Chris notes that "most coal traffic for the branch appears to have been collected from Princes Risborough by 10.50 pm Oxford to Taplow, which delivered it to each station and cleared the empties as required". Traffic for Thomas & Green's was handled from Bourne End with the wagons being propelled from Bourne End. Whilst T&G was the only mill in the Wye Valley with a direct rail connection there were several others that generated a considerable amount of coal traffic at Loudwater and Bourne End, deliveries being trucked from the rail yards to the mills. Because apart from Soho Mill (T&G) there were no mills close to Wooburn Green station coal traffic there was largely domestic in nature. Wooburn's other big mill, Glory Mill, was as far as I'm aware, served by Loudwater - it was roughly halfway between the two stations. Paper making was second only to the furniture trade as the area's main industry.

 

I was fortunate to spend the first three years of my secondary education at the old Wycombe Tech in Easton Street which backed onto the neck of the South Yard so we spent every lunchtime (unless it was raining) watching the passing traffic and shunting of the yard - performed for some months by an immaculate 6106 just after it had been overhauled at Swindon - the last of its type to be dealt with, I believe. Sadly, and I kick myself now, I didn't take copious notes!

 

There is a picture accompanying the article in GWJ 51 showing a string of PO wagons in South Yard, sadly the only ones that can be identified are two lettered Shipley Collieries plus a William Cory wagon.

 

I do hope more comes to light on local operations here - not from a modelling perspective, I'm doing deepest Kernow - but to simply piece together what used to happen when I was too young to pay the attention it required.

 

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On ‎21‎/‎09‎/‎2020 at 15:00, Mike_Walker said:

I've been watching this thread hoping that it sheds some light on my backyard - my local station being Bourne End. I remember Chris Turner saying that when he and Paul Karau were researching the Marlow Branch for their definitive tome it was particularly difficult to trace any details of private owner wagons for merchants in the area apart from those operated by Toomers of Reading and Websters of Maidenhead who both had branch offices along the Wycombe and Marlow Railways. 

 

Chris has published a number of articles in GWJ covering the area which shed some light on operations at High Wycombe and along the branch:

High Wycombe Operations In The Late 1940s   GWJ 51  Summer 2004

Taplow And The Loudwater Goods  GWJ 32  Autumn 1999

Maidenhead And The Maidenhead Pilot  GWJ 36  Autumn 2000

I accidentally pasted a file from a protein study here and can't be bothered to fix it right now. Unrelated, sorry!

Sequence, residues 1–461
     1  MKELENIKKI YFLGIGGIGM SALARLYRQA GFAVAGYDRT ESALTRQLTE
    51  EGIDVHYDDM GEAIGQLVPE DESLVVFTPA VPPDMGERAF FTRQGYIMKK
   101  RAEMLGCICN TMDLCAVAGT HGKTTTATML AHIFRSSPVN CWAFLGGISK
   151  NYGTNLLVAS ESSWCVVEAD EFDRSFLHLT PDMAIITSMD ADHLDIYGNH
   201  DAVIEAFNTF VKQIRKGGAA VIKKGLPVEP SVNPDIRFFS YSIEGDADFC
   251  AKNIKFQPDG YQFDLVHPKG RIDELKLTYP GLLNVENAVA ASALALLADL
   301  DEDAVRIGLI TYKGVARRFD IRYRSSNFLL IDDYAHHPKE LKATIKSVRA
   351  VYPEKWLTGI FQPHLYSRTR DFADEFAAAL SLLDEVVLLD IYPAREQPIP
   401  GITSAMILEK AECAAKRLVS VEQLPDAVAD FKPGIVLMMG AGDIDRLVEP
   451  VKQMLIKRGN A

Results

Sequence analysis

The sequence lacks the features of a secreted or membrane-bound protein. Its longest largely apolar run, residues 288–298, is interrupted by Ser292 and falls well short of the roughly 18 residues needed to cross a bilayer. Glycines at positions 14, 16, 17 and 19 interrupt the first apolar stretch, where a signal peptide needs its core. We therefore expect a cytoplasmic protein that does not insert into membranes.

In addition, there was a further article on High Wycombe The Post War Traffic Scene by Harold N James and John Copsey in BRJ 36  Spring 1991.

 

Chris notes that "most coal traffic for the branch appears to have been collected from Princes Risborough by 10.50 pm Oxford to Taplow, which delivered it to each station and cleared the empties as required". Traffic for Thomas & Green's was handled from Bourne End with the wagons being propelled from Bourne End. Whilst T&G was the only mill in the Wye Valley with a direct rail connection there were several others that generated a considerable amount of coal traffic at Loudwater and Bourne End, deliveries being trucked from the rail yards to the mills. Because apart from Soho Mill (T&G) there were no mills close to Wooburn Green station coal traffic there was largely domestic in nature. Wooburn's other big mill, Glory Mill, was as far as I'm aware, served by Loudwater - it was roughly halfway between the two stations. Paper making was second only to the furniture trade as the area's main industry.

 

I was fortunate to spend the first three years of my secondary education at the old Wycombe Tech in Easton Street which backed onto the neck of the South Yard so we spent every lunchtime (unless it was raining) watching the passing traffic and shunting of the yard - performed for some months by an immaculate 6106 just after it had been overhauled at Swindon - the last of its type to be dealt with, I believe. Sadly, and I kick myself now, I didn't take copious notes!

 

There is a picture accompanying the article in GWJ 51 showing a string of PO wagons in South Yard, sadly the only ones that can be identified are two lettered Shipley Collieries plus a William Cory wagon.

 

I do hope more comes to light on local operations here - not from a modelling perspective, I'm doing deepest Kernow - but to simply piece together what used to happen when I was too young to pay the attention it required.

 

I have managed to identify one more wagon in the above photo:-

It is the one nearest the camera and is lettered:-

T Hunter Ltd. Rugby.

I will haver a go at enlarging the photo and see if I can identify the wagon next beyond the two Shipley wagons.

 

Regards

Paul